There are multiple testing options for Hereditary Breast and Ovarian Cancer (HBOC) syndrome. If there is a known gene mutation in a family, targeted testing, also known as single site testing can be ordered. With targeted testing, the laboratory will only look for one specific genetic change instead of scanning the entire gene. This is generally the least expensive option offered by testing companies. In order to have targeted testing, you must provide a copy of your relative's positive genetic test result so the laboratory knows what genetic change to test.

There are also testing options when a gene mutation has not been identified in the family. Many laboratories offer complete analysis of the BRCA1 and BRCA2 genes. This analysis involves sequencing and deletion/duplication analysis of the BRCA1 and BRCA2 genes. For people of Ashkenazi Jewish ancestry testing for the three BRCA mutations that are most common in the Ashkenazi Jewish population is the recommended starting point. If none of the three common mutations are found additional testing may be considered.

There are several genes beyond BRCA1 and BRCA2 that can be associated with hereditary risk for breast and/or ovarian cancers. In some situations, testing for multiple genes may be more efficient and/or cost-effective. This type of testing is often referred to as multi-gene testing or panel testing. Cancer panels often include BRCA1, BRCA2, and other genes that are associated with hereditary cancer.

There are benefits, risks, and limitations to any type of genetic testing. It is important to have genetic counseling from a qualified healthcare provider to aid in this decision-making process. To find a local genetic counselor visit the National Society of Genetic Counselors (NSGC) website.

References
  • http://www.cancer.gov/about-cancer/causes-prevention/genetics/brca-fact-sheet#q5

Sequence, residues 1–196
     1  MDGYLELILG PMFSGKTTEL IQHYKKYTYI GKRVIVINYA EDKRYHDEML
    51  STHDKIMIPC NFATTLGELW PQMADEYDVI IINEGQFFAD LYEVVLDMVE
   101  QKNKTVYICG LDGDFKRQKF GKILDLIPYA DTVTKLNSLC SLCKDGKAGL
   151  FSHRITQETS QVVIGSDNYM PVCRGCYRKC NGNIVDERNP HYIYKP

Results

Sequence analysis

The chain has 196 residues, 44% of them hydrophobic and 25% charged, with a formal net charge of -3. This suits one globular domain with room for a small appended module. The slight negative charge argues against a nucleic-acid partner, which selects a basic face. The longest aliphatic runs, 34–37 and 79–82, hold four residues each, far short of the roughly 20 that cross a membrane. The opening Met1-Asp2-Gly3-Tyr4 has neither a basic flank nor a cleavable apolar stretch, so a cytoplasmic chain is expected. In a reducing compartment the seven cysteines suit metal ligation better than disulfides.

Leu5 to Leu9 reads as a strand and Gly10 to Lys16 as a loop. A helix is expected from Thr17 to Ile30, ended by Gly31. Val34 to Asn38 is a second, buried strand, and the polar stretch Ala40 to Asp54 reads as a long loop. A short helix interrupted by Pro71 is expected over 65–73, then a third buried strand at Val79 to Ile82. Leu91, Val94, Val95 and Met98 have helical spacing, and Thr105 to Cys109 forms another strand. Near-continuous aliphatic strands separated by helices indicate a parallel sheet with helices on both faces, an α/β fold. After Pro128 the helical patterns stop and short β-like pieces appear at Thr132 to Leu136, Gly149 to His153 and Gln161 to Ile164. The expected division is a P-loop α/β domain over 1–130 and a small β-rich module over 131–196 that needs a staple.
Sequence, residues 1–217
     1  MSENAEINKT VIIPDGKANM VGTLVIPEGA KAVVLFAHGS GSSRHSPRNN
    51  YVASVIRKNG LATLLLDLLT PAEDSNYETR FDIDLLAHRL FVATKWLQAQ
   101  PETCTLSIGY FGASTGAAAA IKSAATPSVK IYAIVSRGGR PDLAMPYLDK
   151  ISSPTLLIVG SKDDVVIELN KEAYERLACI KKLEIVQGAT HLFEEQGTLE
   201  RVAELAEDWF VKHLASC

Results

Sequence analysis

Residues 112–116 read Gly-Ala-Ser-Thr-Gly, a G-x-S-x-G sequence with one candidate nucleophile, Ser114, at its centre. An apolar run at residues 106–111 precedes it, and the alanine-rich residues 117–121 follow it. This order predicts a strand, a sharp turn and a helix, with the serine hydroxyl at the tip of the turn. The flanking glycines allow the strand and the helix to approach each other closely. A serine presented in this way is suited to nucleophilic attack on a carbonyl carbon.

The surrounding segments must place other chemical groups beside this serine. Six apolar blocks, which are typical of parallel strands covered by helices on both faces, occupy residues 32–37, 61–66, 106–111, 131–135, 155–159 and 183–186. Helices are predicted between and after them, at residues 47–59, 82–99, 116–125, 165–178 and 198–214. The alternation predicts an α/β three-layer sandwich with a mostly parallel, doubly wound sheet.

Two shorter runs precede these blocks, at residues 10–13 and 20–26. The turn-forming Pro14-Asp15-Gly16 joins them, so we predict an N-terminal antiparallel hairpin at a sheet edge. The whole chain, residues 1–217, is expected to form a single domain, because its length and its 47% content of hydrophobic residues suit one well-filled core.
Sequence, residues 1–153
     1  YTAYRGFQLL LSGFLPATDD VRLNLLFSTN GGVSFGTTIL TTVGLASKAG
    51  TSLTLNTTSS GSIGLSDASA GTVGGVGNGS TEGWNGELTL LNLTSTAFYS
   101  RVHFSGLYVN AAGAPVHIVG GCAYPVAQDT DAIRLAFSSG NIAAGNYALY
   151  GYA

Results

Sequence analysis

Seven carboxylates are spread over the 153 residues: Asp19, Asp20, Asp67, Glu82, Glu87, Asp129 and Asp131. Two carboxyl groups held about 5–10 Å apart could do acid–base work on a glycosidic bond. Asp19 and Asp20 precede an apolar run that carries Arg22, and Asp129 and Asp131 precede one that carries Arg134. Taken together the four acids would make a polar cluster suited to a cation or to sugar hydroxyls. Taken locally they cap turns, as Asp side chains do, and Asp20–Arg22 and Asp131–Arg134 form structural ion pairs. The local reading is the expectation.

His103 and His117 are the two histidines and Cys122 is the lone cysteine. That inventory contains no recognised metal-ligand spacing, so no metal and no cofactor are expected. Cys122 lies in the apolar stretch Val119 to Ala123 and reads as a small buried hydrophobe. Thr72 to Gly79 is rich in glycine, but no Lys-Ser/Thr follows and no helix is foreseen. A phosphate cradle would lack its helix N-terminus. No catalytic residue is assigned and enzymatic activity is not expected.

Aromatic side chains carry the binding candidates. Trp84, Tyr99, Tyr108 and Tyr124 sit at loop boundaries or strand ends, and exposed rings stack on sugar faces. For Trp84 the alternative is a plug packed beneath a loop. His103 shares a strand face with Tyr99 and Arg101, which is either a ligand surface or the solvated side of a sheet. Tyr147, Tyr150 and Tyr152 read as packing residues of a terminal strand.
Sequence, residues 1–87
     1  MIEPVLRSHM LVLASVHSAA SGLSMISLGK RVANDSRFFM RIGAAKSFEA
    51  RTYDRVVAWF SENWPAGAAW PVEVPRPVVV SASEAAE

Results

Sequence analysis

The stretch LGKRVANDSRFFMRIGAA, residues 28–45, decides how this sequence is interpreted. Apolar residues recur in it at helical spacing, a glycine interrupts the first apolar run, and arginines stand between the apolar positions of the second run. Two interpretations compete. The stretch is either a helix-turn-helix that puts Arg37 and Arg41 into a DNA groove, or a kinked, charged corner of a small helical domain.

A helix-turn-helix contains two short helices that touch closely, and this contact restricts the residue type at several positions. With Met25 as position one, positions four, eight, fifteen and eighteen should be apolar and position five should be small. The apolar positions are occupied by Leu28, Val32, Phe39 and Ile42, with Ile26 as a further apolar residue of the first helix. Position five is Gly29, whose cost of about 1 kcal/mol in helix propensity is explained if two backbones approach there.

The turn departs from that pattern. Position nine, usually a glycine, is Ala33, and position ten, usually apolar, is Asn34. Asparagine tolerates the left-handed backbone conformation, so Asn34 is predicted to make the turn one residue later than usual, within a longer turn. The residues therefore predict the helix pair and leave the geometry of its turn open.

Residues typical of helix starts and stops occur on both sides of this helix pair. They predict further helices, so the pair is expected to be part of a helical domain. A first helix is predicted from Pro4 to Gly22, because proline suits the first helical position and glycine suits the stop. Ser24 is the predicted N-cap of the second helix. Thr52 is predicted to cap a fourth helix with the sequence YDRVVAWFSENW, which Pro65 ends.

Is BRCA2 involved in the Free the Data movement?

The "Free the Data" movement is a grassroots initiative which asks people who have had genetic testing for the BRCA1 and BRCA2 genes to share their results and health information with the "Free the Data" team so that they can enter them into ClinVar, an open-access database of mutations run by the NIH in order to gain a better understanding of hereditary breast and ovarian cancer. This step is important as not all testing laboratories enter their information into confidential, but publicly accessible databases like Clinvar where researchers can use them.

The goal of the "Free the Data" movement is to understand more information about mutations and variants of unknown significance (VUS) in BRCA1 and BRCA2. This information will hopefully help doctors find better treatment options for those with those mutations.

Over time, the campaign hopes to expand to encompass all genes and all mutations, powering new research and better health for all.

To learn more about the "Free the Data" movement and how people can be involve visit the Free the Data website.

References
  • Free the Data website http://www.free-the-data.org/
Does it matter if you test blood vs. saliva vs biopsy for Hereditary Breast and Ovarian Cancer caused by BRCA2 gene mutations?

All genetic testing laboratories should accept blood samples and many also accept saliva samples. Saliva sample tests are just as reliable as blood sample tests. All the cells in a person's body have the same DNA, so it does not matter if you test blood cells or cells found in saliva.

References
  • http://www.cancer.gov/about-cancer/causes-prevention/genetics/brca-fact-sheet#q5
Who else in my family should I test for a BRCA2 gene mutation?

If you have a positive result after genetic testing, other family members are at risk to have the same genetic change. First-degree relatives (siblings, children, and parents) have a 50% chance to have the same genetic change. Second-degree relatives (nieces/nephews, aunts/uncles, grandparents, grandchildren, and half siblings) have a 25% chance to have the same gene mutation. It is recommended that relatives be informed of their risk. Whether testing is right for them is a personal decision. Also, BRCA1/2 testing is not generally recommended for people under 18 years of age.

References
  • http://www.cancer.gov/about-cancer/causes-prevention/genetics/brca-fact-sheet#q5
What does a positive test result for Hereditary Breast and Ovarian Cancer caused by BRCA2 gene mutations mean?